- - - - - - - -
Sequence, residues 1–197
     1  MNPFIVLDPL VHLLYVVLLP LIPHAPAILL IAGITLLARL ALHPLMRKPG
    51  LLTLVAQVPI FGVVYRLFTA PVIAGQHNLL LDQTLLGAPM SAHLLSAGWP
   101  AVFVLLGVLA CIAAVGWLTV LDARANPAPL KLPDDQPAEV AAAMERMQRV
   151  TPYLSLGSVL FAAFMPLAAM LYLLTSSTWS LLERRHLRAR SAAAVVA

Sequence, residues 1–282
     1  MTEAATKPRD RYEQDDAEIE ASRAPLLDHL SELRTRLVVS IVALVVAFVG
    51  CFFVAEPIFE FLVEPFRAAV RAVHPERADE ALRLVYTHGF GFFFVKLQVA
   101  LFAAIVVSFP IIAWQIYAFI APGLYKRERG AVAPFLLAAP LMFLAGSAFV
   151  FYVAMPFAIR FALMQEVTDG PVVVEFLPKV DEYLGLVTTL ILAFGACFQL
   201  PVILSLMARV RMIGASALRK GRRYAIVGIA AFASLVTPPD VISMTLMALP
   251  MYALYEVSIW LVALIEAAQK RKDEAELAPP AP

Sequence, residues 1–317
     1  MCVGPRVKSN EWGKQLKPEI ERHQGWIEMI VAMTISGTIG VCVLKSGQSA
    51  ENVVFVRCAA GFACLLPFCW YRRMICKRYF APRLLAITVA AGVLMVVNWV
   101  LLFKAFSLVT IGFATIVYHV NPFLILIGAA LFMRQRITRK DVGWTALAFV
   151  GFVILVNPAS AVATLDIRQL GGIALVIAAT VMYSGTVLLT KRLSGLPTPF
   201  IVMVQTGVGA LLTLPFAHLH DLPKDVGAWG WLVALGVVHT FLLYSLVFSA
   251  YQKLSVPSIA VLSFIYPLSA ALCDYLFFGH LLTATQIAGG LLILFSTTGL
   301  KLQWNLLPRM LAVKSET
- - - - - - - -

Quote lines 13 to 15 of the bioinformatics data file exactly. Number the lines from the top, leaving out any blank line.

Sequence, residues 1–317
     1  MCVGPRVKSN EWGKQLKPEI ERHQGWIEMI VAMTISGTIG VCVLKSGQSA
    51  ENVVFVRCAA GFACLLPFCW YRRMICKRYF APRLLAITVA AGVLMVVNWV